Certain characteristics, such as mannerisms and thought processes, will never have the chance to be illustrated online. These characteristics are then imagined and interpreted by online daters after viewing the information of their interest, which consequently, is controlled through self presentation. The deception is unintentional because daters have no authority on how others interpret the information about themselves they present. This statement holds about the same validity offline and online, however, discernment seems to be much more efficient offline rather than online.
The research done by Ramirez and Zhang indicates that many online daters who met FTF soon after their initial online meeting failed to continue their relationship (Ramirez & Zuoming, 2008). This finding may have been a result of the contradicting judgements made between the daters online and offline since they both have unique aspects that make them differentiate from one another. Online daters tend to fall in love with the person they think they know online, instead of the real person behind the screen. Despite these complications with misrepresentation, the benefits of online dating are emphasized by some enthusiasts.
There are others who believe online dating is more effective than offline. For some individuals, online dating is an easy way to be intimate and social with others (Henry-Waring & Barraket, 2008). Dating websites deliver a great multitude of people with a variety of interests that take the stress off daters by giving them plenty of choices. In addition, Having direct control over presentation of self helps introverts progress with their relationships as well. Intimacy online does exist, and the internet itself can be a vital tool for those who have not been so lucky in the dating world offline (Scott et al. 2006).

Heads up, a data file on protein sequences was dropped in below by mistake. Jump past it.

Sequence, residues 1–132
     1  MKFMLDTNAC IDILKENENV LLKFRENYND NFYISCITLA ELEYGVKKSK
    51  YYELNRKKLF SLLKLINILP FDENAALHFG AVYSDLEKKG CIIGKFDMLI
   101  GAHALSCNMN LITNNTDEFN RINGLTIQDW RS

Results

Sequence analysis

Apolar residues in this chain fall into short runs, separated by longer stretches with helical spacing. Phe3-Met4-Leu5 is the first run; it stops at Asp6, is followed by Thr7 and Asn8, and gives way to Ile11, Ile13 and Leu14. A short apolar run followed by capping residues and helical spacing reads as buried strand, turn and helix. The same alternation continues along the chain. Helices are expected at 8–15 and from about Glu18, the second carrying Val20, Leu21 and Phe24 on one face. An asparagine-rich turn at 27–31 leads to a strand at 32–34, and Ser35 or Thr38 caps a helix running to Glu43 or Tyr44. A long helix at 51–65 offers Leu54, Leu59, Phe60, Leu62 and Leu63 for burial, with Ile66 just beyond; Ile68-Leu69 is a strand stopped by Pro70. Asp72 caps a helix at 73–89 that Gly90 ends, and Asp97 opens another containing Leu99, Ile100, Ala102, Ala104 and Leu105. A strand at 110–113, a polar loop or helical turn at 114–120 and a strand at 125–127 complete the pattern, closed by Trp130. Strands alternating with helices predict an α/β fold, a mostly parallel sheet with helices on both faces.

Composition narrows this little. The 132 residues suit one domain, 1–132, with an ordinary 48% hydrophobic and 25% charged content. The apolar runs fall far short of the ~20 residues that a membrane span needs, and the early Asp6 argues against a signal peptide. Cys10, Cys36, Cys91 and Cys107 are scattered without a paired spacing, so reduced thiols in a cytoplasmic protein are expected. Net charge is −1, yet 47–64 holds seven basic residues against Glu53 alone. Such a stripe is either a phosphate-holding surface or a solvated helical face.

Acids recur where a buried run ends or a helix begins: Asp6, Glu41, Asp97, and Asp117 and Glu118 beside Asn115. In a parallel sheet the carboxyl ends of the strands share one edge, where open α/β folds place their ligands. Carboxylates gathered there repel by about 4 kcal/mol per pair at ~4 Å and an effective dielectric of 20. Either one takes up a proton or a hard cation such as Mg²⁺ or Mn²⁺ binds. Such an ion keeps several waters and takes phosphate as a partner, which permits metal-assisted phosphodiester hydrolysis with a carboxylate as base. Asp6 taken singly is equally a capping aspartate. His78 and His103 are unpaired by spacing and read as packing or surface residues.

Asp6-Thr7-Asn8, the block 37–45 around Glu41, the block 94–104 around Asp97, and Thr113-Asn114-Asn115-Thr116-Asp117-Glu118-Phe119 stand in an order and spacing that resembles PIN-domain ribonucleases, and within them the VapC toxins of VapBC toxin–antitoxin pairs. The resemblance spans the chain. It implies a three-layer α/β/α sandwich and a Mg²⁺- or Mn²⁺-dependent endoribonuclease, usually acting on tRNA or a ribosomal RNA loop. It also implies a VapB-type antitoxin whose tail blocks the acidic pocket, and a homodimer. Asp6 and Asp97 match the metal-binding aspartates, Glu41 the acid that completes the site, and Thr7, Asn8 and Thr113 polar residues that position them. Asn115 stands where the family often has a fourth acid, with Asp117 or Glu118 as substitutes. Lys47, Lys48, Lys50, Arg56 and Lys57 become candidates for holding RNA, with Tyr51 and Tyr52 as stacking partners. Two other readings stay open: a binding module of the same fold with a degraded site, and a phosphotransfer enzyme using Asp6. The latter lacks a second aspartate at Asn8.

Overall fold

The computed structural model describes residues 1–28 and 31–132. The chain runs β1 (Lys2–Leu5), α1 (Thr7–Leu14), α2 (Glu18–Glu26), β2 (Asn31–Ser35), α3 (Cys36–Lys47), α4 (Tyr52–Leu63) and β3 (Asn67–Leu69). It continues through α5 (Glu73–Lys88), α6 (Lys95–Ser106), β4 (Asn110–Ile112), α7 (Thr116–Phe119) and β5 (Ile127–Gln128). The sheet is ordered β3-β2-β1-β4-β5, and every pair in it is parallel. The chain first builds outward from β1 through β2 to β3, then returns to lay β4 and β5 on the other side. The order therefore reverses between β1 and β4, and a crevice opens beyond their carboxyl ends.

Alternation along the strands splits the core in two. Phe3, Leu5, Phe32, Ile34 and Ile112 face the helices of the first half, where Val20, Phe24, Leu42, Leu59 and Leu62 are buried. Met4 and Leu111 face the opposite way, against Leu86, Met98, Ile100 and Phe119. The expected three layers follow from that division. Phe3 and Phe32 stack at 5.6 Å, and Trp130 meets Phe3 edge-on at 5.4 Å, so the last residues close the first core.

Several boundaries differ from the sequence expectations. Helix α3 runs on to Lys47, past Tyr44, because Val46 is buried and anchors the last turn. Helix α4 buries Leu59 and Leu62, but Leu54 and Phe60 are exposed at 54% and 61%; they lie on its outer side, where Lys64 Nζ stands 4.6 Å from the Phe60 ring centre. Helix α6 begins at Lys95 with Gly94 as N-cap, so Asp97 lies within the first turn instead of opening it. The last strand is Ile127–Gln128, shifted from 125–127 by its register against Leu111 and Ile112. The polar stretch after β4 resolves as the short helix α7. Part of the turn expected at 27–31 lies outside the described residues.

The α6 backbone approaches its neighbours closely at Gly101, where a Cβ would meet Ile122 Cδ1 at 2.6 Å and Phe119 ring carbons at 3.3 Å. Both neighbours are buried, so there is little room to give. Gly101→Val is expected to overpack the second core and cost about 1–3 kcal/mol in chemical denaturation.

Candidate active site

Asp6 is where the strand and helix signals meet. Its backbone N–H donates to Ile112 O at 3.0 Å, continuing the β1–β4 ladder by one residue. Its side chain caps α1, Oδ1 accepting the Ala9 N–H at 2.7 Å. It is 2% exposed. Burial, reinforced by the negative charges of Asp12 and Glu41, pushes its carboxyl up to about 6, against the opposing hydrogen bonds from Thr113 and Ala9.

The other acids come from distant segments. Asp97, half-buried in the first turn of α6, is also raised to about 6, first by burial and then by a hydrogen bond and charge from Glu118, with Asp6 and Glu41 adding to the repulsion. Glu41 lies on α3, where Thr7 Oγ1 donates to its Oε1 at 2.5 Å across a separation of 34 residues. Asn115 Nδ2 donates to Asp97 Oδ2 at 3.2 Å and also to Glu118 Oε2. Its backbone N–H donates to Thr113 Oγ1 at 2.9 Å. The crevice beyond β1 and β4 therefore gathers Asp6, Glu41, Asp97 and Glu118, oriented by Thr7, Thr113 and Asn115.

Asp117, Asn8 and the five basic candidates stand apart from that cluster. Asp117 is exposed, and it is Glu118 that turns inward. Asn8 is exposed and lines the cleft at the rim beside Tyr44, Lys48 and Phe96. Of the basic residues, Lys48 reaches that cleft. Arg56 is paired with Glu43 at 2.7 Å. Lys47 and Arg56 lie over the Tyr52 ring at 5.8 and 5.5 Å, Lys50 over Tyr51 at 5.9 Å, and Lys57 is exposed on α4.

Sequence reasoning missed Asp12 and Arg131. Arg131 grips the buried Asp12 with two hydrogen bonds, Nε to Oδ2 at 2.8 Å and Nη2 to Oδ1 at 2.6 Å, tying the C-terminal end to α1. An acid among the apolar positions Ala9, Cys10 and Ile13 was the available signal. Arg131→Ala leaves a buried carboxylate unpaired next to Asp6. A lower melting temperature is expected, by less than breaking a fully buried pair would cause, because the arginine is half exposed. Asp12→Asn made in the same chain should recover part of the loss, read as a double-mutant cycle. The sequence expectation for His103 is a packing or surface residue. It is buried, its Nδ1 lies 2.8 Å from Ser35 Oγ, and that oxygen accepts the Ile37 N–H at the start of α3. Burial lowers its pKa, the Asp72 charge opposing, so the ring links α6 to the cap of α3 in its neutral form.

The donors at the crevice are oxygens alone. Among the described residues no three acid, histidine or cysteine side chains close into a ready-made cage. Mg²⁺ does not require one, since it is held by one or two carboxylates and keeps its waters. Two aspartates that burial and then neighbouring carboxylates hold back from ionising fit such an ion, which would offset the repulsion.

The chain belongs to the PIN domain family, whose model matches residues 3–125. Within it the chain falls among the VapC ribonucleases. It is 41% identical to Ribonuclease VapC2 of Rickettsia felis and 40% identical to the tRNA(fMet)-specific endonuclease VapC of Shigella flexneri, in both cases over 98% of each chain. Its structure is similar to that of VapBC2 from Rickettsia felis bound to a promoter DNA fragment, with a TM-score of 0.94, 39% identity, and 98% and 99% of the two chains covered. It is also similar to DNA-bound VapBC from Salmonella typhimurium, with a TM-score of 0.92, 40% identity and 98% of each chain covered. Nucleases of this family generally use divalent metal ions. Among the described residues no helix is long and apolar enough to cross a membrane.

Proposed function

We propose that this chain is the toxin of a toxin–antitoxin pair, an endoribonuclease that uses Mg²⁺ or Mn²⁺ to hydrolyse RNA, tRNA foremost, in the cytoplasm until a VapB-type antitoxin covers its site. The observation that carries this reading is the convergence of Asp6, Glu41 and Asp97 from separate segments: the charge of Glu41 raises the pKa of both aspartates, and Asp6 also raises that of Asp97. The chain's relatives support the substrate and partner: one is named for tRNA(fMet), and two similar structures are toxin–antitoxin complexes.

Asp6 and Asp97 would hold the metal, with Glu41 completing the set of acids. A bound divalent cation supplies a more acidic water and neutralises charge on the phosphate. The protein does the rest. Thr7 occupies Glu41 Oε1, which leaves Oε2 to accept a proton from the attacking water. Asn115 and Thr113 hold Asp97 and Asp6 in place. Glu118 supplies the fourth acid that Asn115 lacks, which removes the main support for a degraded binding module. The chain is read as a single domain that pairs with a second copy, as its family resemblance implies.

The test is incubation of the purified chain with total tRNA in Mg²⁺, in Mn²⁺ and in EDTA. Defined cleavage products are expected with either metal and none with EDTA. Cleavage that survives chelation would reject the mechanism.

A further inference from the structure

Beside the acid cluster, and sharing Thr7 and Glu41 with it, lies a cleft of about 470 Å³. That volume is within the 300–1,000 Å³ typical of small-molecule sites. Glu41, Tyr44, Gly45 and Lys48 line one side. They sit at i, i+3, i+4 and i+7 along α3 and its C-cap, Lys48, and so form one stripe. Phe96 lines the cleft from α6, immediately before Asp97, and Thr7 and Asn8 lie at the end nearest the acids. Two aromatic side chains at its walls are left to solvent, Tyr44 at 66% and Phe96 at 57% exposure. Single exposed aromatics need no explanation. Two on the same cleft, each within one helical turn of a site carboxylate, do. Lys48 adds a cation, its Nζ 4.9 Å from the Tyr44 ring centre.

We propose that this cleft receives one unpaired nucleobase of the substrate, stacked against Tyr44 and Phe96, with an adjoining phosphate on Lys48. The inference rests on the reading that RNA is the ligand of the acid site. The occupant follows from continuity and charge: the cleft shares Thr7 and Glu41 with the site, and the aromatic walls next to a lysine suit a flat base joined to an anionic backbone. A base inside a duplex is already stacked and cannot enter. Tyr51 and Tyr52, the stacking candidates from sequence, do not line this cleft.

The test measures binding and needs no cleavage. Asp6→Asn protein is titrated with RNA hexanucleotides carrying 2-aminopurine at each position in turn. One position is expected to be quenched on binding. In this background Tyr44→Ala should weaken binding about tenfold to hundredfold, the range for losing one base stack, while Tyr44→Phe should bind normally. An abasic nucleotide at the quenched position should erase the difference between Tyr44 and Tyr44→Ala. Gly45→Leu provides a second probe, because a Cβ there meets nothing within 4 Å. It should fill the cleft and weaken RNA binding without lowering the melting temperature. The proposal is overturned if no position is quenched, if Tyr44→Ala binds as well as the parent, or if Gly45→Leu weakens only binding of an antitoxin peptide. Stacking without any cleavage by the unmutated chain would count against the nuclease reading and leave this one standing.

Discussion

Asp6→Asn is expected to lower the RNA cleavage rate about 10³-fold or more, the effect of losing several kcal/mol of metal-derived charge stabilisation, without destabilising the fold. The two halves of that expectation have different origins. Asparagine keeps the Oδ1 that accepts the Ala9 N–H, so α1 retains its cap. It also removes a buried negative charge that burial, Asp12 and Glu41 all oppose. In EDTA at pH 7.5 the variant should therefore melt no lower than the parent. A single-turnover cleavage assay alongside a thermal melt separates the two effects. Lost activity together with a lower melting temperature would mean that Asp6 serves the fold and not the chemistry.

This is useful for those who have no time for dating, have had problems finding someone to be romantic with, and who are on a low budget. To summarize, online dating can provide an easy and comfortable environment for people. The internet is a useful networking tool that gives daters access to a vast amount of romantic partners. All appealing qualities mentioned can enhance the experience of dating. I stress, however, that the deception that plays along with them should not be overruled so carelessly.
Dishonesty can generate an angry feeling inside the person being lied to that overrides any other emotion experienced with the liar. So even though the dating experience online has multiple benefits, the drastic con of deception is enough to make these benefits irrelevant. It is extremely easy to deceive others on the internet. Having control over presentation of self just encourages daters to leave any flaws and downsides about themselves from their profile. Daters can finally create their ideal self for others to notice. Misrepresentation makes things more scary with the unintentional deceptions that come with it.
FTF brings out information about how a person handles certain situations and carries him or herself; all of which may be surprising to someone who formed an idea of these qualities when they chatted with the person online. Even though the benefits of online dating can be more intriguing than offline, deception will be an ongoing negative stress when trying to be intimate with anyone you meet on the web. Perhaps one day online dating will replace the need for FTF interaction, but for those who wish to form a long-lasting intimate relationship; the day has not come.
Courtney from Study Moose